J-PAL Executive Education: Evaluating Social Programs, US 2019
This five-day in-person training equips participants with resources and knowledge to design, use, and interpret evidence from impact evaluations of social programs. The course is an overview of why, when, and how researchers and policymakers might choose to conduct randomized evaluations and how randomized evaluations are designed.
Lectures and case studies use real-world examples to prepare participants to apply learning at their home organizations. The course covers both the technical design and pragmatic considerations of measuring impact with a randomized evaluation.
Key Concepts Covered
- Why and when is a rigorous evaluation of social impact needed?
- The key components of a high-quality randomized evaluation.
- Creating a foundation for measuring impact using tools like a needs assessment and an impact-oriented theory of change.
- The common pitfalls of evaluation methods and how randomization helps avoid them.
- Techniques for incorporating randomization into program design.
- How to determine an appropriate sample size and measure outcomes.
- Guarding against threats that may undermine the integrity of results.
- Techniques for the analysis and interpretation of results.
- How to maximize policy impact and assess the generalizability of research findings.
- How to understand and apply the results of randomized evaluations to your program.
Connections with Peers, Academic Researchers, and Experts in the Field
Renowned academic researchers from MIT and other institutions lead sessions where participants can ask questions about how to generate rigorous evidence to inform decision-making.
Participants will engage in small group discussions with J-PAL staff and with other participants, providing opportunities to forge connections with peers. By working through case studies in groups with the support of staff, participants will solidify new concepts and discuss how they might apply new skills on future projects. Small group engagements with J-PAL staff provide opportunity to engage directly with and learn from experts while practicing new skills. Through the course, participants build a network of peers who work on program evaluation or delivery in health, education, housing, development, governance, and other fields.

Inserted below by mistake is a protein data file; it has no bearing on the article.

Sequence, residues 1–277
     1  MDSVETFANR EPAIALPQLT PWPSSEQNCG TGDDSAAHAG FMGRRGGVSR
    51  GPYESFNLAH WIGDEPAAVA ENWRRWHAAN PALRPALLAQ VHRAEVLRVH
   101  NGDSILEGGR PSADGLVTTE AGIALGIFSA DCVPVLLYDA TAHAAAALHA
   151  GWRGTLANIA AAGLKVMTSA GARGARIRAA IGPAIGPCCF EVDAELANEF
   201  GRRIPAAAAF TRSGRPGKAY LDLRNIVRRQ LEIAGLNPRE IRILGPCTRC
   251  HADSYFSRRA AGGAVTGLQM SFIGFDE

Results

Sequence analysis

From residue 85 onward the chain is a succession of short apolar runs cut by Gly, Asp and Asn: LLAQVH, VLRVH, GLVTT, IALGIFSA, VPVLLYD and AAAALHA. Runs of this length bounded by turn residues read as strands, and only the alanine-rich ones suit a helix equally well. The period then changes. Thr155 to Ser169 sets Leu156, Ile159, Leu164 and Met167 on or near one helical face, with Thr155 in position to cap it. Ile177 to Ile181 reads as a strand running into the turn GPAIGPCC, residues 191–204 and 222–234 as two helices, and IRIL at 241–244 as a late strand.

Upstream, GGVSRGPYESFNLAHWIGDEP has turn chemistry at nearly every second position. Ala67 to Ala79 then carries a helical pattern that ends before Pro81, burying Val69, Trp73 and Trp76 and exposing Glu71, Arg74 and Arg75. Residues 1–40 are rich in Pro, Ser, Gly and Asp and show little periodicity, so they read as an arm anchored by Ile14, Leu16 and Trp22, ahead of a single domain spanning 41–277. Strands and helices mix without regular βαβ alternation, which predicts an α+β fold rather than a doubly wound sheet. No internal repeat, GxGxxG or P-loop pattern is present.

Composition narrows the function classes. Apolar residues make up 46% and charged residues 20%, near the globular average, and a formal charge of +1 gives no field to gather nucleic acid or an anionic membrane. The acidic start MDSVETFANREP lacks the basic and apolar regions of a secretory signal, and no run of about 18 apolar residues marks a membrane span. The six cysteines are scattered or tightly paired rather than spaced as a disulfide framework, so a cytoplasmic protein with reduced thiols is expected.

Former participants say:
“Great opportunity to design and receive feedback on our own evaluations.”
“Really enjoyed the teaching methods. The initial exposure to case studies was then solidified through lectures and small group work. The constant interaction kept students engaged throughout.”
“I enjoyed this training very much and thought the experience was excellent. I still am buzzing whenever I speak about it. There were many wonderful aspects: the working groups, the quality of the other students, the quality of the TAs and the seriousness and dedication of the training effort. It was absolutely first-class.”
Dates: June 10 - 14, 2019
Location: Massachusetts Institute of Technology, Cambridge, MA, United States
Contact: Sarah Gault, [email protected] with questions about applying or details about the course.
The application for this course is currently closed!
The fees below include breakfast, lunch, beverages, and snacks, as well as a reception. Travel and accommodations are not included.
Individuals residing in/Organizations headquartered in High-income* countries
Individuals residing in/Organizations headquartered in Low and lower/upper middle-income* countries
|For-profit, Foundation, or Intergovernmental organization||$3,500||$3,500|
|Academic or Research Institution||$3,500||$2,500|
|State, county, or municipal government||$2,500||$1,500|
|NGO (operating budget < $10M)||$2,000||$1,500|
|NGO (operating budget > $10M)||$2,500||$1,500
Note: staff at academic institutions may qualify for tuition assistance, see for example tuition benefits at MIT.